By LARRY WOODY
It's one of those things most of us don't give much thought to until we suddenly snap awake one night and ask ourselves:
What's the proper way for a dog to wear pants?
There was extensive coverage of the issue awhile back on TV, when shoppers were checking out the latest doggie duds at a fancy New York boutique.
One patron believed a dog's pants should fit around the pooch's waist and cover its hind legs -- the way Frank Sinatra, for example, usually wore his pants.
But someone else raised an interesting point: A dog, unlike Frank Sinatra, has FOUR legs. So wouldn't it be logical for the mutt to wear pants with FOUR legs?
The problem, of course, is logistics. How can you get a dog into pants with four legs?
The belt would have to come all around the pooch's body, from chin to stern. And even with a snug belt, the pants would probably sag. (Archie Bunker, you might recall, had the same problem.)
I suppose one solution would be suspenders, fore and aft.
But dressing a pooch in four-legged pants could be a challenge. Have you ever tried to dress a squirming two-legged toddler? Imagine trying to get a snarling Doberman into four pant-legs.
I question the concept of doggie pants in general. What happens if a pants-wearing dog suddenly comes upon a fire hydrant? It might not have time for fiddling with a lot of buttons and zippers.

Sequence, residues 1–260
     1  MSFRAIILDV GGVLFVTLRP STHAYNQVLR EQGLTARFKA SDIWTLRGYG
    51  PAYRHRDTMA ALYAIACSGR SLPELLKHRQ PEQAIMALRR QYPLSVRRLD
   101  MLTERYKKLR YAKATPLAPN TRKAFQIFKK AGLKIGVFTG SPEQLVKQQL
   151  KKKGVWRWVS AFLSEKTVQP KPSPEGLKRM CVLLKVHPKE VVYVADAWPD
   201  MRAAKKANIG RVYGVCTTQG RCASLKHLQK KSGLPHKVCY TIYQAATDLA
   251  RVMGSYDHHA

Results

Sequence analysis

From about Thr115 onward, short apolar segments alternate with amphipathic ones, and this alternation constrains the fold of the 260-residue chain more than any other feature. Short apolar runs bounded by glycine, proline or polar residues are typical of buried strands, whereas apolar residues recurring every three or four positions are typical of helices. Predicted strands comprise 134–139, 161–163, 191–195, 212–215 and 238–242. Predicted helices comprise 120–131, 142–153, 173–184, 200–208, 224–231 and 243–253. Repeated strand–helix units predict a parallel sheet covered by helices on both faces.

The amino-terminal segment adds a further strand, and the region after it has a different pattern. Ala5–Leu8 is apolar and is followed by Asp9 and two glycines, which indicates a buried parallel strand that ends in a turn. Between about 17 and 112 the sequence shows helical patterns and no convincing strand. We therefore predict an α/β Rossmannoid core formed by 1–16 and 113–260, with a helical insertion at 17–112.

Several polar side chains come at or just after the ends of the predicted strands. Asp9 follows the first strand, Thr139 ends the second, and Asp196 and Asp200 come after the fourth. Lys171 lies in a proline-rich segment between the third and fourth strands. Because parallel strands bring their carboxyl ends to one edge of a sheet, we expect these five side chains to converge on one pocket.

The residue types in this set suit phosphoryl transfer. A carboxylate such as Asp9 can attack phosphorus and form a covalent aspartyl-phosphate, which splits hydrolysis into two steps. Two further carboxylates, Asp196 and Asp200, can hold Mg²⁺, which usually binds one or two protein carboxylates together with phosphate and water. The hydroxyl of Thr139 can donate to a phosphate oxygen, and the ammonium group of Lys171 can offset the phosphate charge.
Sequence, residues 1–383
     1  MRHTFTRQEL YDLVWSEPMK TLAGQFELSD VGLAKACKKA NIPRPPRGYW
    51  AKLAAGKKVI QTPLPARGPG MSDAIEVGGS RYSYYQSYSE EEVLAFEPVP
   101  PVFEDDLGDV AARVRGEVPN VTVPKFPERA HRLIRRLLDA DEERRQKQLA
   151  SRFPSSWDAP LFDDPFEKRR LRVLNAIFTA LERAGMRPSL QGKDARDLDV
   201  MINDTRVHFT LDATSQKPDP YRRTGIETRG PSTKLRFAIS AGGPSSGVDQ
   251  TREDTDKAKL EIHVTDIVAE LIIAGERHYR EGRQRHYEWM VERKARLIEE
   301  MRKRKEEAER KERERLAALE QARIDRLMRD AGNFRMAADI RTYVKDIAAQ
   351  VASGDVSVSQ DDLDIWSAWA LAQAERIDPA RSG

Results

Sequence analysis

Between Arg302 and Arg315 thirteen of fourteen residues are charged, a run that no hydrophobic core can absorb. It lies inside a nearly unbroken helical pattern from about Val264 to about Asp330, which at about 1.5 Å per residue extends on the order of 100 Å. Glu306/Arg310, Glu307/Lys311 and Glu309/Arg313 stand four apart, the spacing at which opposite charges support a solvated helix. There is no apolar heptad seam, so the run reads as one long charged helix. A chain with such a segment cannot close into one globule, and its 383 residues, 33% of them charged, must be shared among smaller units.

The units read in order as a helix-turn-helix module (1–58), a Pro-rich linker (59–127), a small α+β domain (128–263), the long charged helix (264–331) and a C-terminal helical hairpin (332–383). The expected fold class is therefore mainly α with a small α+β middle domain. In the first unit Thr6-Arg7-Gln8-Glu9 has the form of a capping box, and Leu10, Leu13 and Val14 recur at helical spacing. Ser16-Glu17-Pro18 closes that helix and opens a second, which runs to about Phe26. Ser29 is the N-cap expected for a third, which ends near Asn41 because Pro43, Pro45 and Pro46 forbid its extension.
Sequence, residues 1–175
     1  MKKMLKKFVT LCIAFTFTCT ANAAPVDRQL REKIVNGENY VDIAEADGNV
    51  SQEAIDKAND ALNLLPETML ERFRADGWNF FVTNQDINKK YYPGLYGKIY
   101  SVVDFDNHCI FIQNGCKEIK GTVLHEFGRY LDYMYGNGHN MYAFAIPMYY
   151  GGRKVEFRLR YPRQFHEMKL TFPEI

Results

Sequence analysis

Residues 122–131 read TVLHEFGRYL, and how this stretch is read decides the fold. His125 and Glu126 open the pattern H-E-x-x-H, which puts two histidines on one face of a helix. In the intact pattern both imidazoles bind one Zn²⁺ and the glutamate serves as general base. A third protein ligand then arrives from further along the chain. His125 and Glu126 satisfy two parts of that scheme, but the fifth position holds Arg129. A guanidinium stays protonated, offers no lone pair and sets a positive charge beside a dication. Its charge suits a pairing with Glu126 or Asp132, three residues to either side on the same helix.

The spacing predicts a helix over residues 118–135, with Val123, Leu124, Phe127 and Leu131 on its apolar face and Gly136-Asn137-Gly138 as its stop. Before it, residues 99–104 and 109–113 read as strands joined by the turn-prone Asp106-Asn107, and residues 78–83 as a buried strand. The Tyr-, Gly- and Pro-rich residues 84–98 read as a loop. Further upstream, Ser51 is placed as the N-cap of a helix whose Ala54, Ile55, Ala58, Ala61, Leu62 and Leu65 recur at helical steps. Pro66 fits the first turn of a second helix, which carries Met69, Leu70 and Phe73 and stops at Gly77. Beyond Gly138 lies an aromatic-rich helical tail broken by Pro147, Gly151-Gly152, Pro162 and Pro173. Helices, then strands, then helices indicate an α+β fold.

Another thought: if dog is wearing pants over his tail, how can you tell if he's happy?
Then there's the delicate matter of social greetings. When a strange dog wanders into a new neighborhood, the other dogs don't run up and shake hands, if you get my drift. Some serious sniffing is involved. If the new dog is wearing pants, how can he be properly introduced?
(On the other hand, a snug pair of pants could be the solution to every dog's dreaded Cold-Nose Syndrome.)
The TV fashion report showed dogs modeling both two- and four-legged pants. None of the mutt-models seemed particularly thrilled by either style. I got the feeling they'd much prefer to be romping around naked and chasing Frisbees, like hippies in a city park.
I've never been in favor of dressing animals in human clothing. They were born with a fur coat; that should be sufficient. If sled dogs who spend frigid winters outdoors in the sleet and snow don't need to wear a sweater, why does a pampered poodle who prances around Central Park?
The only reason to put clothes on a pooch is because the owner thinks its "cute." The dog doesn't get a vote about being used as a fashion accessory.
My old black Lab Buddy and I had an understanding: he wouldn't wear a sweater and I wouldn't drink out of the toilet.
Buddy was a happy dog -- I know, because he wagged his un-panted tail -- and when he went out to play in the snow he didn't seem to mind the cold. The only time I saw him shiver was with excitement at chow time.
Buddy was no fashion model, just a good 'ol dog who happily romped through life in his birthday suit.
My dog and I got along great, because we knew who wore the pants in the family.